IN dean 2019Guest blog from longtime blogger and friend, Dean Weimer:

I arrived at my blind just before 4 o’clock and had to be careful as a small doe group was already feeding in the bean stubble field about 200 yards away. I snuck in and set my decoy up (sans the head) inside to use as a gun rest. I was watching the entire area, and a few minutes later I noticed a dark-colored deer all by itself.

When I got my binoculars up I immediately noticed the chocolate-stained antlers of a buck I hadn’t seen before. He took a few more steps and turned broadside. One good look and I was immediately in “shoot mode.” I started using a Remington .270 (that my brother gave me as a wedding gift back in ’13) during the 2017 Indiana Firearms season. I knew that, although it was a rather long shot, that I could get it done.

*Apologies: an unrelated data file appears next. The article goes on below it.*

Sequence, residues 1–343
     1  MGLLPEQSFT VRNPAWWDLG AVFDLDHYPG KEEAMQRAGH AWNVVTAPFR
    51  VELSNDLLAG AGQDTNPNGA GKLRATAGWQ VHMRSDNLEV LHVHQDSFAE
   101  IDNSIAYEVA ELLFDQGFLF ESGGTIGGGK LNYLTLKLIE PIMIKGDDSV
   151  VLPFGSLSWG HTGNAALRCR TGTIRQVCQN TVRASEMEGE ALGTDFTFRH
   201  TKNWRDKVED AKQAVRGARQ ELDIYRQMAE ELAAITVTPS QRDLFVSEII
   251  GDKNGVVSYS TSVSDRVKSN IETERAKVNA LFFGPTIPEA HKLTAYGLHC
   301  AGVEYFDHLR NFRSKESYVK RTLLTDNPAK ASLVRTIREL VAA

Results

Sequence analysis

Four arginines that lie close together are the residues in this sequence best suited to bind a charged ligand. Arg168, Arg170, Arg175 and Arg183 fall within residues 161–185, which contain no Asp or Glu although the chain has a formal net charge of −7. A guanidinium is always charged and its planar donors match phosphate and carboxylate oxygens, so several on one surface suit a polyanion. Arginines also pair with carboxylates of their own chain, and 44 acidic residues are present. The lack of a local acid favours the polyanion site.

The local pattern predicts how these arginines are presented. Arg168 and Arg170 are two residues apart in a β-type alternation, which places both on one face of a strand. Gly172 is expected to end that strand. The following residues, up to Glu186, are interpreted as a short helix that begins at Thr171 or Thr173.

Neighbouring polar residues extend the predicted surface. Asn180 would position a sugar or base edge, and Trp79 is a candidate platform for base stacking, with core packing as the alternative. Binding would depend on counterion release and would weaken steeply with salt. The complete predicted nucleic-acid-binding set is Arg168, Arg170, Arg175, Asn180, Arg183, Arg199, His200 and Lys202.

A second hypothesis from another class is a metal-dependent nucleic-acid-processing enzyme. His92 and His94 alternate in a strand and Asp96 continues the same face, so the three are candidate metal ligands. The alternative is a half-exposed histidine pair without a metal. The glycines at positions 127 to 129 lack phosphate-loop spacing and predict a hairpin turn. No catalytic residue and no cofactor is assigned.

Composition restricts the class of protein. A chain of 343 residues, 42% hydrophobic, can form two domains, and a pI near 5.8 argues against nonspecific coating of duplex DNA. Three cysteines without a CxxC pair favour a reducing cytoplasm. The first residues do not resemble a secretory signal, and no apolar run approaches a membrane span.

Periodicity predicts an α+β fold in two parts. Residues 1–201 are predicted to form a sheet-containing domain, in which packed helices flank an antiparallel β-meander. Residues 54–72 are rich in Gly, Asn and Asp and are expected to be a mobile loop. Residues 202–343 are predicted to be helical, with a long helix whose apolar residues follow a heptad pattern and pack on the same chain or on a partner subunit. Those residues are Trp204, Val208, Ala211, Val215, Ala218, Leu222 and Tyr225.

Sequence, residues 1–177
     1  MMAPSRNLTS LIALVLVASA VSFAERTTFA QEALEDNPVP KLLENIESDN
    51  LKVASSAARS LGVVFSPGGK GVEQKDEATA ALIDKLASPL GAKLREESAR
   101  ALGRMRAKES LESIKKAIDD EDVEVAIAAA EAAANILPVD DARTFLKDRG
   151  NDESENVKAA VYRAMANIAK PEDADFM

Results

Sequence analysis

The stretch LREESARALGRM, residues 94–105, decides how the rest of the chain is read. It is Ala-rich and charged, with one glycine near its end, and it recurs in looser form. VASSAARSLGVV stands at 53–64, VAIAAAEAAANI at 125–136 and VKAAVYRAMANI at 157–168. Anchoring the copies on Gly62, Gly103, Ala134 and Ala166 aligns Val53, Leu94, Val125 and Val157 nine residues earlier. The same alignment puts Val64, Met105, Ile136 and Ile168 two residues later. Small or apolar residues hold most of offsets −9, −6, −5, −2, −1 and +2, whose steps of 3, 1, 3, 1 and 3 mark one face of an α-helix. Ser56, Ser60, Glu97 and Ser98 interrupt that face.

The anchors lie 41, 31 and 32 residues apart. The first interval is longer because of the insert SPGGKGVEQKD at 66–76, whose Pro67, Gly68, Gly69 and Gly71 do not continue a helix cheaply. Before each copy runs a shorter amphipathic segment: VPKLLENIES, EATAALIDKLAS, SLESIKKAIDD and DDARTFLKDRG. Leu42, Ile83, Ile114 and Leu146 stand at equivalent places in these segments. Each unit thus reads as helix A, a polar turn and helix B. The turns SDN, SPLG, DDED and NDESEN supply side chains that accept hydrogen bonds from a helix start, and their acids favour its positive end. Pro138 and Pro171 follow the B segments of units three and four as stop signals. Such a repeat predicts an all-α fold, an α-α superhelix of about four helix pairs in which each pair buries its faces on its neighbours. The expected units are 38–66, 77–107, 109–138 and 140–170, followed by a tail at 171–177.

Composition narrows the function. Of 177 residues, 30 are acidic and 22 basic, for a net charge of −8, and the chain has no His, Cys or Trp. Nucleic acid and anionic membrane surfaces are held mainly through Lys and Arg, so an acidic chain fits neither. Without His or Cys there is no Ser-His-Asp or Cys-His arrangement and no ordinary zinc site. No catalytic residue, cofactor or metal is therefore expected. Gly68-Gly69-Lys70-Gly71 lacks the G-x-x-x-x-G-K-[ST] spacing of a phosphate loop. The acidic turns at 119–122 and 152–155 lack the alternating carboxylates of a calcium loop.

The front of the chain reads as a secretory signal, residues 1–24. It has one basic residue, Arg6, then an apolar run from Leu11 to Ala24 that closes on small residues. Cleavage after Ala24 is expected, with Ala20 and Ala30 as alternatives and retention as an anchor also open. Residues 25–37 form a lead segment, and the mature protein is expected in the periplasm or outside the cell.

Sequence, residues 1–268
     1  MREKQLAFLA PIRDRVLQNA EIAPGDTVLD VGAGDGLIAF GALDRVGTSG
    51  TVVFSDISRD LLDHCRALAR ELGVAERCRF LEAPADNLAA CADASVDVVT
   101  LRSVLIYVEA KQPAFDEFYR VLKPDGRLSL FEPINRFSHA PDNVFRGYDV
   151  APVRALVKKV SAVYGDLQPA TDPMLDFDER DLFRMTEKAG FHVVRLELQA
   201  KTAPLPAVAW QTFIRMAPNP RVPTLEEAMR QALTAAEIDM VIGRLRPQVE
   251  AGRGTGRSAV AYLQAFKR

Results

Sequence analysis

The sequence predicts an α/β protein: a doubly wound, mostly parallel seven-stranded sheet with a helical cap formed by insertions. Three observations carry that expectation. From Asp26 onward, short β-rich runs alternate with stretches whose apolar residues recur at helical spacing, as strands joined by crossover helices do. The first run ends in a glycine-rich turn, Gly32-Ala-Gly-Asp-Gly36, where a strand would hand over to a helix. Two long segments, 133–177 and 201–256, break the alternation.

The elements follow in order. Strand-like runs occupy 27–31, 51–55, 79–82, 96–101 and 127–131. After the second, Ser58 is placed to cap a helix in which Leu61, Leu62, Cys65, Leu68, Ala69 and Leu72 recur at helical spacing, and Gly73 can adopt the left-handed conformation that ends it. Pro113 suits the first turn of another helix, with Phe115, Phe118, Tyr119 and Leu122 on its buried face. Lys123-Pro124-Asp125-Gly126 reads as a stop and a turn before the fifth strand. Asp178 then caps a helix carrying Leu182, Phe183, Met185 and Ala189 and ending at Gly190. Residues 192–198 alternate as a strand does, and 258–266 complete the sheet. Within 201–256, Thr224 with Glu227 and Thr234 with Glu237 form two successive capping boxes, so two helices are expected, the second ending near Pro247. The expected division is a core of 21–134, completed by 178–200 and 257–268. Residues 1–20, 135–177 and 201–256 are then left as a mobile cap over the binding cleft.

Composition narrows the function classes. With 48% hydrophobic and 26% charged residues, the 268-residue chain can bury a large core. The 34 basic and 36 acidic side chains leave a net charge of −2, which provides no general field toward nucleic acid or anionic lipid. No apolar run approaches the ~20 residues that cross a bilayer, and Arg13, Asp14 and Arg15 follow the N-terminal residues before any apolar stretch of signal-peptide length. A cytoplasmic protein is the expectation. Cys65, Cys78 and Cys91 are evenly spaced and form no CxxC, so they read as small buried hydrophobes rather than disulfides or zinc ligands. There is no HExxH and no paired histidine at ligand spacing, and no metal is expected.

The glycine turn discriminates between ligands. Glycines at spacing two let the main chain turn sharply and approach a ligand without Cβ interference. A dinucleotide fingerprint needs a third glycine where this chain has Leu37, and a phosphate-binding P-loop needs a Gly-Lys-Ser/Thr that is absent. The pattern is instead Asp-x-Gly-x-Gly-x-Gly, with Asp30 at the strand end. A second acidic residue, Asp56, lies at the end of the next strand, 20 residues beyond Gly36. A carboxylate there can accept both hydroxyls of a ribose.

I steadied the gun on the back of the decoy, took a deep breath, and fired at the buck. He went down. A few moments later he got up and started to run off, but stopped momentarily. I decided to fire another round as insurance.

This is the first buck that I’ve killed since falling from a tree stand in 2015, and it’s the first one I taken with a rifle. I couldn’t be happier with him.

Epilogue: I had hunted hard up to this point in the season, with a couple of close calls during archery earlier in Nov. I actually had a 9-pointer that I was hunting within range the night before, but a pesky doe caught me moving and snorted the alarm, so every deer in that alfalfa field hauled out of it, leaving me somewhat heartbroken. I almost didn’t hunt on Monday evening, but when I got out of school there was a skiff of snow on the ground and it was too perfect to pass up. I’m glad I went and shot the buck at 4:15, nearly a full hour before sunset.

This buck isn’t from the immediate area, as evidenced I believe by his dark rack. This buck came from somewhere with more pines/cedars. Couple this with the fact that neither I, nor my buddy, have ever seen this buck, I feel like he was a “cruiser,” checking the many doe family units on my buddy’s property for a last doe to breed.—Thanks, Dean